How to write a CV – Top tips to stand out to a future employer

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According to Marketing Director of Debut Careers, Kim Conner Streich, around 75 percent of CVs don’t even make it to the employer because they don’t pass the Applicant Tracking System. This software sorts through your CV and decides which CVs are good enough to be seen by the recruiter. You’ll need to include certain information and appropriate keywords to pass the test. Express.co.uk reveals how to write a CV.

How to write a CV

Personal details

One of the most important parts of writing a CV is remembering to include your personal information.

How will the employer know who to hire if they don’t know who the CV belongs to?

Always write your name, email, phone number, and home address at the top of your CV.

You don’t need to write CV or Curriculum Vitae at the top, so take this out to make room for your personal details.

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Personal statement

A personal statement lets the employer know who you are and what makes you a great employee.

Keep this short and sweet – this should only take up one paragraph.

Tell the employer what you offer and what you’re looking for.

This is normally the first part the employer reads, so make it good!

Work experience

Starting with your current or most recent job, list all of the jobs you have had.

However, exclude anything that isn’t relevant to the job you’re applying for.

If you’re applying for a job as a writer, the employer probably doesn’t care about your job in New Look when you were 16.

Include your job title, the company name, and the dates you worked there.

Then, write a little bit about your key responsibilities in this role.

Show how these jobs have prepared you for the specific job you are applying for.

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Education

It’s time to list your qualifications along with dates and grades.

If you have just left University with very little work experience, you might want to include details of your A-Levels and GCSEs.

However, if your work experience is more relevant to the role than your school grades you should cut them out.

For example, you might want to include information about your degree and your work experience, but not mention your GCSEs and A-Levels.

Hobbies and interests

Hobbies and interests aren’t always relevant to the job you’re applying for.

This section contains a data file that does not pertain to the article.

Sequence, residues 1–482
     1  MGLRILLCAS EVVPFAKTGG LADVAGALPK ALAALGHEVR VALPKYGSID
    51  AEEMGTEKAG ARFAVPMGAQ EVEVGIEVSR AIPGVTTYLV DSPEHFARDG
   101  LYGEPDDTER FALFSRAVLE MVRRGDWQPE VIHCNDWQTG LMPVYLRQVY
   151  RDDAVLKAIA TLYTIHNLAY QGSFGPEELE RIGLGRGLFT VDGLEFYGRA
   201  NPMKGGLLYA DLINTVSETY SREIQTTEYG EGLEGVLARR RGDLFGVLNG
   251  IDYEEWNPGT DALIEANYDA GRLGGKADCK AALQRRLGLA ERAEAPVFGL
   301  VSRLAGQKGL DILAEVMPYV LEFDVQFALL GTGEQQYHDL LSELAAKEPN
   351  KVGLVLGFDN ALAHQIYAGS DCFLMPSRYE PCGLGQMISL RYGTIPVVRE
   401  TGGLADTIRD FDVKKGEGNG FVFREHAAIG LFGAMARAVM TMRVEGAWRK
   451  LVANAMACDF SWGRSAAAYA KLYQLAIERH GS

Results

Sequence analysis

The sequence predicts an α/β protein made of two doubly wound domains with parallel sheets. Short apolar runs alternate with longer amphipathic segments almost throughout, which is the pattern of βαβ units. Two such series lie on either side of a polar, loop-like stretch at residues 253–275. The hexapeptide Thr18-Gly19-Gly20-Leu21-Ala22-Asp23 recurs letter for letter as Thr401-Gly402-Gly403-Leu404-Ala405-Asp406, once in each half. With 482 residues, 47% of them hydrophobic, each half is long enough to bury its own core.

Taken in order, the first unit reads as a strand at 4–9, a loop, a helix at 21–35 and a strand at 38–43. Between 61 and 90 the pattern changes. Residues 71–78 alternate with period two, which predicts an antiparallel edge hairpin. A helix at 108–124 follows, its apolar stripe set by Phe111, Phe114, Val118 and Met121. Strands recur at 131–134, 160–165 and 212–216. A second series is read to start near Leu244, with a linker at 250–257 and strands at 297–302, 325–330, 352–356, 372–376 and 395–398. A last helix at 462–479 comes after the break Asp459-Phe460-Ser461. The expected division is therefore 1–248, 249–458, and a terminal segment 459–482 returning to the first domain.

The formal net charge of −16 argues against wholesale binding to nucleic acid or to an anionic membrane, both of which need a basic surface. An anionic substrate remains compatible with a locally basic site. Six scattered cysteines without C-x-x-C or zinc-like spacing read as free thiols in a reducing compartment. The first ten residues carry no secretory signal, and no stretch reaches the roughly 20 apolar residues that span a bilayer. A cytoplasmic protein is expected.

For example, your love of baking might not be interesting to the employer at the law firm.

However, if you’re applying for a role in a gym it’s worth mentioning that you play in a basketball team.

If you want to include some information about what you do for fun, your passions, or your interests, then do so!

Make sure it’s something that adds value and is something you could talk about at an interview, though.

Keywords

According to Resume.io, using too many keywords makes you seem lazy and unimaginative.

After consulting 562 hiring managers across several industries, Resume.io the top 10 words to AVOID when writing your CV, and what to use instead.

  • Best. Alternatives: forefront, top, stand-out, high achiever.
  • Motivated. Alternatives: driven, inspired, goal-oriented.
  • Dedicated. Alternatives: devoted, resolute.
  • Proven. Alternatives: experienced.
  • Reliable. Alternatives: dependable, consistent.
  • Passionate. Alternatives: keen, eager, willing.
  • Excellent. Alternatives: exemplary, exceptional, outstanding.
  • Enthusiastic. Alternatives: keen, eager, willing.
  • Great. Alternatives: immense, notable, tremendous.
  • Hardworking. Alternatives: diligent, meticulous, industrious.

Layout

Sign up to a CV template site, such as Resume.io, to put your words onto an eye-catching backdrop.

Make sure it is still professional, including the font and font size!

Don’t include a photograph of yourself, it’s not necessary to do so.

Space out the sections and use bullet points to make your CV easier to read.

Personalised

But the most important tip – as we’ve mentioned – is to tailor your CV to that specific job you’re applying for, at that specific company.

So even if you’re applying for barista roles, you may want to alter your CV so your application to Starbucks is different to your CV for Costa Coffee.

Sending your CV with a cover letter is also important – and make sure to address this correctly and don’t get confused as to which firm you’re applying for if you’re sending off a lot of CVs at once.

Always make sure you spell the name of the person you are sending your CV to correctly.

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